• Insufficiently Advanced Alien/Low Culture, High Tech: The alien technology, though far better than that of the humans of the Wild West, bobs back and forth between sci-fi and modern technology. They have anti-gravity technology and energy weapons, but their ships fly on jet engines. The aliens themselves have a hard exoskeleton that deflect bullets, but it has a lot of weak spots and they don't bother wearing armor. The latter is justified: they are far superior combatants to humans and don't consider them a threat, so they aren't ready for a real battle when it comes to them.
  • Interspecies Romance: A bit between Lonergan and Ella. Of course, it results in nothing but a kiss as she pulls a Heroic Sacrifice in the end.
  • It's Personal:
    • In addition to the protagonists whose loved ones are taken by the aliens, there's Ella's grudge against them for wiping out her home planet and her people.
    • And on the alien side of things, there's the alien that Lonergan stabbed in the eye while escaping their ship. During the climax, they run into each other again, and the alien seems to be taking great pleasure in trying to return the favor until Dolerhyde stops him.
  • Karmic Death: The alien's death by a shower of molten gold.
  • Laser-Guided Amnesia: Lonergan can't remember his name or anything about his past, at first. Turns out this is a side-effect of the aliens' control device; all the abductees suffer from this to one extent or another.
  • Last of Their Kind: Ella, on account of her people being destroyed by the aliens.
  • Like a Son to Me: Dolarhyde says this of Nat as Nat dies in his arms.
  • Love Makes You Dumb: In a humorous scene, Lonergan needs to remove the gauntlet and give it to Elle. She tells him to removing by emptying his mind of thoughts, and he can't do it. She plants The Big Damn Kiss on him and it falls off immediately.
  • Love Redeems: Lonergan quit his gang because he fell in love with a prostitute named Alice and stayed with her. That said, he did steal the entire bounty of gold from their last heist when he left.
  • Magical Native American:
  • Meaningful Name:
    • The rich tough guy is named Dolarhyde? You're joking, right? Given how it's pronounced, Lonergan isn't as immediately obvious until you look at how it's spelled.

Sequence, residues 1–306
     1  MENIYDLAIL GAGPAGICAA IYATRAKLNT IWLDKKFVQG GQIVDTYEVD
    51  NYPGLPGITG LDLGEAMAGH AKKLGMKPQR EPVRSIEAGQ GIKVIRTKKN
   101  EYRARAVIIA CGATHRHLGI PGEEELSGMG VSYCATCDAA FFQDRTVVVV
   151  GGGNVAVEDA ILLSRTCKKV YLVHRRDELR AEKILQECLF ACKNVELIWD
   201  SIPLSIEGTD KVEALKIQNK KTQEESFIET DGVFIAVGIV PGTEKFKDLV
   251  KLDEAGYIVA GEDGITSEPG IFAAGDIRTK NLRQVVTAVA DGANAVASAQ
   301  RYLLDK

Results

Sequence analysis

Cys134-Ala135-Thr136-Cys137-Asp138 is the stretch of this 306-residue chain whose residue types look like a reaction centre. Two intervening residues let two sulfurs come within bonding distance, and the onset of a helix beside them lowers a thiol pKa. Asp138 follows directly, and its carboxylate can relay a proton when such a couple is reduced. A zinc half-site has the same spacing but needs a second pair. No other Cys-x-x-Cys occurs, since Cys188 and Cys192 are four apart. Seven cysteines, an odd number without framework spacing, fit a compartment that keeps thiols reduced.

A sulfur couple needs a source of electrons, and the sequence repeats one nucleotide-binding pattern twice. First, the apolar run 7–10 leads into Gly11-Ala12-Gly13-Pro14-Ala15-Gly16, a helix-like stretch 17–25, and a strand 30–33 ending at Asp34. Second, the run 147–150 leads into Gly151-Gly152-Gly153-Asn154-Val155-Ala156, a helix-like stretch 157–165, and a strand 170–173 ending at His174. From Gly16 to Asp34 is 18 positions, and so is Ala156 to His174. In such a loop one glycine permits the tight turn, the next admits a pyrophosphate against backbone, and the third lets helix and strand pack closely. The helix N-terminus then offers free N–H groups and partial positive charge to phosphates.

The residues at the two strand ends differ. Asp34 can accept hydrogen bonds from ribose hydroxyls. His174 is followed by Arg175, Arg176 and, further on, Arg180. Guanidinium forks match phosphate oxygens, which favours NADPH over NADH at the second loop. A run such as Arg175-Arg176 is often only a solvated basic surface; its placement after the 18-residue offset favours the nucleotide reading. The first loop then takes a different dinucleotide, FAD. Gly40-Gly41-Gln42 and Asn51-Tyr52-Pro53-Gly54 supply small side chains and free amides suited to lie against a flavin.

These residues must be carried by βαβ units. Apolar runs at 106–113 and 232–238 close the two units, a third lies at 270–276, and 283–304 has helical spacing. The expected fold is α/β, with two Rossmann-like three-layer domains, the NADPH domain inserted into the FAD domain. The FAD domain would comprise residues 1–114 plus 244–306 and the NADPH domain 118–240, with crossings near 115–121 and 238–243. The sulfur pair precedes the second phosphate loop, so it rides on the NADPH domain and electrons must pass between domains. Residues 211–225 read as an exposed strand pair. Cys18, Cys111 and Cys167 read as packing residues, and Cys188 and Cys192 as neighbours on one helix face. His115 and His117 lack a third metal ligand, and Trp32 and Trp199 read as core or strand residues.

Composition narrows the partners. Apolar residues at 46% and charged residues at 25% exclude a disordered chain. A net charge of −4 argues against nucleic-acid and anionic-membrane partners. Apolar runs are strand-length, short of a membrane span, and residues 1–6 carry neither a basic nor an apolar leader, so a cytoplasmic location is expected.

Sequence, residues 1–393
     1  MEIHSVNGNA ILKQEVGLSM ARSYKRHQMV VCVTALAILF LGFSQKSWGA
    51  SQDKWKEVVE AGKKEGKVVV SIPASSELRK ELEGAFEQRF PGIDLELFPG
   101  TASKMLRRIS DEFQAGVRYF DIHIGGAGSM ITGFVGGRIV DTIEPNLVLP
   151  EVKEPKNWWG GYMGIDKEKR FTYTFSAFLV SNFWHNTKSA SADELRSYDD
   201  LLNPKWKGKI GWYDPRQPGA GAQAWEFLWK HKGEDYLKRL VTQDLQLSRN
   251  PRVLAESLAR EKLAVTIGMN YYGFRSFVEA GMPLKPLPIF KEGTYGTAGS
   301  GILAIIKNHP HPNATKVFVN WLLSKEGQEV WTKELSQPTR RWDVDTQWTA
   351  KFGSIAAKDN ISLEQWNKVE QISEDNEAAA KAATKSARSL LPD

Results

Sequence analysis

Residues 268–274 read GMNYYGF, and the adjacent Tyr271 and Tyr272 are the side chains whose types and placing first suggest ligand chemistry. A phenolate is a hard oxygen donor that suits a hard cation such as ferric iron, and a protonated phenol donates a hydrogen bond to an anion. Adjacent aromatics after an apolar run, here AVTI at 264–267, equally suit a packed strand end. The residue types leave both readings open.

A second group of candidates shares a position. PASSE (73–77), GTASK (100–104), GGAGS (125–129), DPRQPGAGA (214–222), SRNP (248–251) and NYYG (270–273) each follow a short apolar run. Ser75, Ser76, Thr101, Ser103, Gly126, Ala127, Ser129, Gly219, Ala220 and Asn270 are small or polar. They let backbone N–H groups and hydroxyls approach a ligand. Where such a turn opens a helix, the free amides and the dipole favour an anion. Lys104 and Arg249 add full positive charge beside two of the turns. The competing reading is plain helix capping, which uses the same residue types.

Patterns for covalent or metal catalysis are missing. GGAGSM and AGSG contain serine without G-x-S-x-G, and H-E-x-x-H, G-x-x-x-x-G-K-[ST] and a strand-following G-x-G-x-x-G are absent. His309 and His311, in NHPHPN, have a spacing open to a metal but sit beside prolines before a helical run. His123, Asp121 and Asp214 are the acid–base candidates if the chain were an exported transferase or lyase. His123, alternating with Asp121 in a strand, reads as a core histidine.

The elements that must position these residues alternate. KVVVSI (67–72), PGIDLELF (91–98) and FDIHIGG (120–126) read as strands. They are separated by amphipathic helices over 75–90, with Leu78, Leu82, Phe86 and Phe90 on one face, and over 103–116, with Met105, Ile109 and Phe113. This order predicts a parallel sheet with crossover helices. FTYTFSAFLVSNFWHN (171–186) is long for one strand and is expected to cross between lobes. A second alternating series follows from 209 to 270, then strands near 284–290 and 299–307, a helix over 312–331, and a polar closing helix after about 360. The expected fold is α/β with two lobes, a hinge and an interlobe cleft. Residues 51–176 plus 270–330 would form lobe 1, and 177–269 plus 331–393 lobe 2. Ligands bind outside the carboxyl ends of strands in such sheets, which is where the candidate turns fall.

• The town is called Absolution. And redemption is a major theme of the movie.
  • The Medic: Meachum the preacher stitches up Lonergan's wound, even though there's a trained doctor just across the street running the saloon. Doc eventually joins the group as The Medic, though he rarely gets a patient who isn't already dead.
  • Meek Townsman: first.
  • Mentor Occupational Hazard: Meachum.
  • Misplaced Names Poster: That's not Daniel Craig, Harrison Ford, and Olivia Wilde! It's Olivia Wilde, Daniel Craig, and Harrison Ford!
  • Minion With an F in Evil: Hunt.
  • Mugging the Monster: Three men try to take Jake in at the beginning of the film, thinking that he is a suspicious person and there might be a reward. Things do not go well for them.
  • Mysterious Waif: Ella.
  • Naked on Revival: Ella.
  • A Nazi by Any Other Name: Inside the alien spacecraft, Jake comes across a pile of pocket watches and human teeth...
  • Nice Hat: Par of the course for a western. And yes, we also remember those movies where Harrison Ford also wears a hat, thank you.
  • Ninja Pirate Zombie Robot: Cowboys and Aliens, plus Apaches and bandits too!
  • Not So Different:
    • In a good sense, cowboys and Indians. Both share a passion for a good fight, had loved ones abducted by aliens, and want to defend the land they consider theirs.
    • In a bad sense, cowboys and aliens. Both lust for gold, and are more than willing to destroy the natives that stand in their way. When Lonergan learns that the aliens are Planet Looters, he very visibly hangs his head down in shame.
    • In a neutral sense, Dolarhyde and Jake. Although they hate each other's guts (at first), they are both less-than-entirely-moral men with a Dark and Troubled Past who rediscover the brighter side of their souls.
  • Not Using the Z Word: Not once is the word "alien" used. Makes sense; at the time, the word "alien" referred solely to "people from another country." Instead, thanks to Meachum, they've been labeled as "demons".
  • The Noun and the Noun
  • Only Mostly Dead: Ella. Being an alien, she revives herself from death, but she admits she wasn't sure if she would be able to do that in her human form.
  • Our Demons Are Different: They're actually aliens. The concept of space travel and aliens hasn't really taken root in the 19th century. Ella later has some difficulty trying to explain to everyone that she's from another world.
  • Outrun the Fireball: Dolerhyde and Jake running through the caves staying ahead of a blastwave.
  • Outside Context Villain: Alien invaders isn't exactly something the average 19th century cowboy would even consider.
  • Papa Wolf: Dolarhyde turns out to be this. Also, Sheriff Taggart is a Grandpa Wolf; later inverted when Emmet has to save him.